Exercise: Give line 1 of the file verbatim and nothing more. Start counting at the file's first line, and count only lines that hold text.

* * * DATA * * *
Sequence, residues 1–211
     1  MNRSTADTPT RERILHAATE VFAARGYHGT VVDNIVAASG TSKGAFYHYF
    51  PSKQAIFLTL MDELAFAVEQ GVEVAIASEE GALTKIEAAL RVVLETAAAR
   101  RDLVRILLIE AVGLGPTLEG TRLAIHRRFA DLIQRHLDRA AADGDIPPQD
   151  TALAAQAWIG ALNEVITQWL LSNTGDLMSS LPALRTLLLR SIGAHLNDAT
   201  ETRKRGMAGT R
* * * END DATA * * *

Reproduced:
Sequence, residues 1–211